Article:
About a million years ago, we opened a business banking account with Bank ABC.
At the time, they had two primary types of accounts, personal and business.
So far so good.
Personal accounts had data fields for all the expected pieces of information one might need for a personal account.
The business accounts had all you might need for a business account. Or so they thought. Turns out businesses are owned by people. People have separate information from the business. No big deal, we can have attachments and notes. In the note we put the names and details of the business owners and an attachment of their scanned signature cards.
Then Bank ABC merges with Bank DEF.
Then Bank ABCEDF is acquired by Bank XYZ.
Let’s smush the old data model into the new data model. Great, all done. Nothing to see here.
A few years later during a random account review it is discovered that a particular business account of a million years has no people associated with it, no authorized users. There was an attachment of a scanned image with two illegible signatures on it, but no names with the signatures.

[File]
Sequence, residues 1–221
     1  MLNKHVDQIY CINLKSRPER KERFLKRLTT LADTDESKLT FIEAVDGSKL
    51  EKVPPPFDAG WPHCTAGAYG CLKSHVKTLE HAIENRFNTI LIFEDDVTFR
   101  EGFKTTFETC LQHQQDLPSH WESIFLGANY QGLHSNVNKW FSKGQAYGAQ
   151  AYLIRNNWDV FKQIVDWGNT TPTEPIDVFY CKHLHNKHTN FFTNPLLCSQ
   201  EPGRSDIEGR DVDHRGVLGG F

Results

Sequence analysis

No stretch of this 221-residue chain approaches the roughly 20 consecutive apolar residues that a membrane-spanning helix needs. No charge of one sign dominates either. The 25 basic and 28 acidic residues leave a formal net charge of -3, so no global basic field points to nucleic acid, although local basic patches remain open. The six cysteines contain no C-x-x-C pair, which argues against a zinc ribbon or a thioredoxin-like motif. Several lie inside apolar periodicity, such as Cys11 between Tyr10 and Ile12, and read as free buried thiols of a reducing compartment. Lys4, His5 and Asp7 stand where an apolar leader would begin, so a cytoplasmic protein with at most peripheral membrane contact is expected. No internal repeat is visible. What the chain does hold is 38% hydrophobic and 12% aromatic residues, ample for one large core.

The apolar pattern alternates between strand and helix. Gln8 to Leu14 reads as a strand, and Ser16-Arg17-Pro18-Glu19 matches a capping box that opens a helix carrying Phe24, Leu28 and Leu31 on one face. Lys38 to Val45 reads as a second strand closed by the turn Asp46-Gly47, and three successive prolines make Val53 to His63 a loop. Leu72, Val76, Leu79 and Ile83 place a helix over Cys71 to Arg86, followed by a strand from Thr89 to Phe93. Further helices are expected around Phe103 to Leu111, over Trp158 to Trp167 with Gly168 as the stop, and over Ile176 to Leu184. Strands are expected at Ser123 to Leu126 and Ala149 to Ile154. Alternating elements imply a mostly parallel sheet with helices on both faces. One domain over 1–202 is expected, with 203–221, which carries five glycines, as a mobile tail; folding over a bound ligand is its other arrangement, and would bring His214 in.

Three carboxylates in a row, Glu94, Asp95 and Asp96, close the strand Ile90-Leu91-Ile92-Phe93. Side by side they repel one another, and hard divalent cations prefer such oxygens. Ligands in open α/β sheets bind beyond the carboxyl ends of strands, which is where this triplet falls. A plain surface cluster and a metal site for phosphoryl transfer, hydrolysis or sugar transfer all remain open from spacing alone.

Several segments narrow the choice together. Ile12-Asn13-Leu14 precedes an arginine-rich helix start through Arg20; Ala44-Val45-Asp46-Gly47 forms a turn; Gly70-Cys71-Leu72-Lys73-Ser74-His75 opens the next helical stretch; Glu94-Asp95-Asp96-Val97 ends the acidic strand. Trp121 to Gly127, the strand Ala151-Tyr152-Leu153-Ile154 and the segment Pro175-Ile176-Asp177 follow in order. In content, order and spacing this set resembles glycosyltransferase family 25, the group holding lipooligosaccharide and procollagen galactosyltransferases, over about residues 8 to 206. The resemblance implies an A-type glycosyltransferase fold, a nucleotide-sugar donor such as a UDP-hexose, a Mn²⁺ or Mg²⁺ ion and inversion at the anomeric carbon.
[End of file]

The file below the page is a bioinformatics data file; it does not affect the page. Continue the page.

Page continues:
Turns out somewhere among the mergers and acquisitions, notes did not come with the business account information from older accounts that were opened when records were mostly analog and a little bit of digital.
A good bank manager found this, found us, and convinced me she wasn’t a scammer and got us to the bank in person to get our personal information appropriately related to the business information. And then we signed paper copies of signature cards (sigh).
There are a few things to learn here.
Don’t store structured data in an unstructured place. Build the appropriate relational data structure that you need.
Don’t cut corners when moving to a new system. It really doesn’t matter that there were mergers and acquisitions along the way, it was a new system. A simple review of notes on common data tables could have shown there was more data that needed to be dealt with.
At some point this would have become a blocker for access to our own money in our own business account. Hire good people who can do good work and prevent this from happening and correct it when it does.